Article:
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Jolabokaflod: The Icelandic Tradition of Giving Books on Christmas Eve

All you need is a cup of hot chocolate.

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Photography by: Bryan Gardner

If you're a lover of literature, you will want to add this idea to your holiday traditions. Jolabokaflod is a wintertime tradition loved by Icelanders across the world. What is it exactly? The English translation of Jolabokaflod is "the Christmas Book Flood." On Christmas Eve, you'll find most Icelanders snuggled in with a cup of something warm all doing the same thing: reading a book.

 

The premise is simple: Gift a new book to someone you love. This book-gifting tradition dates back to World War II, when paper was one of the few items you could actually find in abundance. Given that other products and gifts were few and far between, Icelanders made the best of the situation and gave each other books to enjoy. In addition to spending Christmas Eve tucked in with a good book, Icelanders will often enjoy hot chocolate or jolabland (a non-alcoholic holiday ale) with their page-turners.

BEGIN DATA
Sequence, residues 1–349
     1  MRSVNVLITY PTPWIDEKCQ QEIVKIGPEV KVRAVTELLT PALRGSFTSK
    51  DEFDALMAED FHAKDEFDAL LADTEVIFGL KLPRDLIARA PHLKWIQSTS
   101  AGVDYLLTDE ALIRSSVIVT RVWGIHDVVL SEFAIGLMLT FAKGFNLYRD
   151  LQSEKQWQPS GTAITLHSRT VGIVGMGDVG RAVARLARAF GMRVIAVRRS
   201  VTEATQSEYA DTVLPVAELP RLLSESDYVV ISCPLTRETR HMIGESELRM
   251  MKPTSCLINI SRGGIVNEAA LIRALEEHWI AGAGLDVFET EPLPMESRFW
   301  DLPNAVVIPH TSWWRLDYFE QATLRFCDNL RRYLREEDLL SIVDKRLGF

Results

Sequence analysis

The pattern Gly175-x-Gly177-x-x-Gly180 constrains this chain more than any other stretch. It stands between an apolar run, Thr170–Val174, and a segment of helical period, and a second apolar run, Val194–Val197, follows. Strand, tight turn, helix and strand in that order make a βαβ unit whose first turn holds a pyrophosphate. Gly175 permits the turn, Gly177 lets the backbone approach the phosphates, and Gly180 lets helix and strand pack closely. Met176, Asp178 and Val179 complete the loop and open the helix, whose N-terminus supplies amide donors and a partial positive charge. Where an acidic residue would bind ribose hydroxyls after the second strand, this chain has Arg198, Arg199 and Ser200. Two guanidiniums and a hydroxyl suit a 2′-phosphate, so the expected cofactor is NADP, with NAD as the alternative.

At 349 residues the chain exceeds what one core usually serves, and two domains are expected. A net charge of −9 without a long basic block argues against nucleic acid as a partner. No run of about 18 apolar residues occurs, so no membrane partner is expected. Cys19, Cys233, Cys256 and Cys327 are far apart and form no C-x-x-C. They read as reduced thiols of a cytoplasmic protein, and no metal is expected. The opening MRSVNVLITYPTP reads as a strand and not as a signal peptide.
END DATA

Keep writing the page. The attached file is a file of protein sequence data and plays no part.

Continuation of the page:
[EXPERIENCE: 7 One-of-a-Kind Christmas Traditions from Around the World]

The country's book publishers have taken note on the holiday popularly in book sales. You may also see Jólabókaflóðið referenced as the annual release of new titles in Iceland, which has now turned into a seasonal tradition for the publishing industry. There's even an official Jolabokaflod catalog sent to every house in Iceland in November, called the Bókatíðindi, or "Book Bulletin," which lists out popular books and new releases that they can order. Think of it as a Scholastic book fair, brought straight to your home.

 

Iceland isn't the only country known for a seasonal surge in new book releases; France has a similar trend called Le rentrée littéraire. But there's something about the thought of beating the arctic temperatures outside by settling in with a big blanket, hot chocolate, your favorite album, and a good book. In fact, we like to think of that as the picture you'll find next to the dictionary definition of "hygge." (Don't hold us to that.)

 

Feeling inspired? Watch how to wrap a gift with a beautiful bow: